I believe, the French Jesuit paleontologist, Teilhard de Chardin, captured the significance of this understanding of the creation when he wrote, “… by virtue of the Creation and, still more, of the Incarnation, nothing here below is profane for those who know how to see.” (The Divine Milieu, 1960, p. 112)
There is another main theological dimension of the Christian understanding Jesus; namely, that he is the Messiah of Jewish prophesy (the Christ as translated into Greek). Unfortunately, it is often forgotten that “Christ” is not Jesus’ last name but a title.
In the face of the cultural and theological devastation of the people of Judah due to the Babylonian conquest (the circumstance that is expressed in Psalm 137), Jewish theologians developed two parallel but separate theological traditions. One was that of the future Messiah, the David-like king, who would restore the nation and fulfill the Abrahamic promise that Abraham’s descendants would become a great nation and that nation would be a blessing to all nations. This was the tradition that energized Jesus’ earliest disciples. It led to arguments among them about who would have high positions in the Messianic kingdom. This was a tradition of hope of restoration.
The other tradition was that of the Suffering Servant (Isaiah 53) whose dire trials and tribulations were the price paid for the sins of the people as a whole. In this tradition, the Suffering Servant was not an individual but the personification of the people who bore brunt of the Babylonian captivity. The scapegoat of Hebrew Bible (Leviticus 16:21-22) became the sacrificial lamb of the New Testament (John 1:29). In its own way the tradition of the Suffering Servant was also a tradition of hope, but now in terms of redemption rather than restoration. What is arguably one of Jesus’ unique theological teachings was the integration of these two traditions of hope: the Messiah who suffered for the sake of the people’s redemption.
As noted earlier, every moment is not required to fully enflesh its calling. Failure to do so is ultimately the source of discord, disruption, trauma, loss, and pain. But these are not felt only by the creation. Remember the creation is in God. So, God experiences all of these. It is literally the case that God feels our pain. This is one reason that the cross or the crucifix is perhaps the most universal Christian symbol. It is also why the creation itself, in all its parts and as a whole, can be seen as cruciform.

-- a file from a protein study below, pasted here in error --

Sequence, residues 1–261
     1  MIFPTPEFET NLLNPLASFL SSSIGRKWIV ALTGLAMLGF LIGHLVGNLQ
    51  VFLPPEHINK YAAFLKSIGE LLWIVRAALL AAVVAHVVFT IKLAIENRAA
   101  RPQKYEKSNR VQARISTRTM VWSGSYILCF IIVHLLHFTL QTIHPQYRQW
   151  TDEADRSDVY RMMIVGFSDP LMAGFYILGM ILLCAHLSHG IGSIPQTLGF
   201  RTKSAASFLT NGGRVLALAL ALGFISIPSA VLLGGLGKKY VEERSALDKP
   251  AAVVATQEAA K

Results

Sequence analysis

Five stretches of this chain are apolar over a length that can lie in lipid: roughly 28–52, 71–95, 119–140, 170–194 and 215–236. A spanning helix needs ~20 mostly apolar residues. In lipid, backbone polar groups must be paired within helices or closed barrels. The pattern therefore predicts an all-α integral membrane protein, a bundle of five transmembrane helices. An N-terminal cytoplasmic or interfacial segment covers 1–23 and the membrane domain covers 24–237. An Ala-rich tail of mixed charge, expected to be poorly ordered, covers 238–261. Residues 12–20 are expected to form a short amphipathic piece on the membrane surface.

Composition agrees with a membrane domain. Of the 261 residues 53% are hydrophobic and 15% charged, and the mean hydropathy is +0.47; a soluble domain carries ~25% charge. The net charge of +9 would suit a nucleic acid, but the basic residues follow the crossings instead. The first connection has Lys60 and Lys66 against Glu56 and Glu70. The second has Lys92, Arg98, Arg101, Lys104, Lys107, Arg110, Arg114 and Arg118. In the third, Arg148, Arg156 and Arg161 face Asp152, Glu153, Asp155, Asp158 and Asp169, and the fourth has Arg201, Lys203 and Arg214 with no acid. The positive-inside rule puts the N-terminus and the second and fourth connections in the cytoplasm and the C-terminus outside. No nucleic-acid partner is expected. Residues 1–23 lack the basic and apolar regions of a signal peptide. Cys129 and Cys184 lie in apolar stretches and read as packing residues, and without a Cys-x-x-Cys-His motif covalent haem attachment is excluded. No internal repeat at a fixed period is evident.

The Christian tradition has typically seen redemption, the divine resolution of the problem of sin, in legal terms. The capital punishment of Jesus through his suffering on the cross and death are considered “payment” for the sinfulness of humanity. Perhaps this is not surprising given that Christianity is rooted in Judaism for whom the Law of Moses is central. Also, many of the foundational elements of Christianity were set by Paul, the Apostle, who in an earlier portion of his life was a Pharisee, an advocate for faithfulness to the Mosaic law and traditions. The word, redemption itself, is a quasi-legal term referring to reclaiming something by paying a debt.
I believe that this legal orientation has skewed the Christian understanding of redemption and, in fact, privileged the idea of redemption above that of the act of forgiveness inherent to self-giving love. Forgiveness is the opposite of a paid-off debt. In fact, the same Paul associates forgiveness with love.
Arguably one of the most widely quoted passages of the Bible comes from the thirteenth chapter of Paul’s first letter to the Corinthians. It is a staple reading for Christian marriage ceremonies.
“If I speak in the tongues of mortals and of angels, but do not have love, I am a noisy gong or a clanging cymbal. And if I have prophetic powers, and understand all mysteries and all knowledge, and if I have all faith, so as to remove mountains, but do not have love, I am nothing. If I give away all my possessions, and if I hand over my body so that I may boast, but do not have love, I gain nothing.
Love is patient; love is kind; love is not envious or boastful or arrogant or rude. It does not insist on its own way; it is not irritable or resentful; it does not rejoice in wrongdoing but rejoices in the truth. It bears all things, believes all things, hopes all things, endures all things. Love never ends….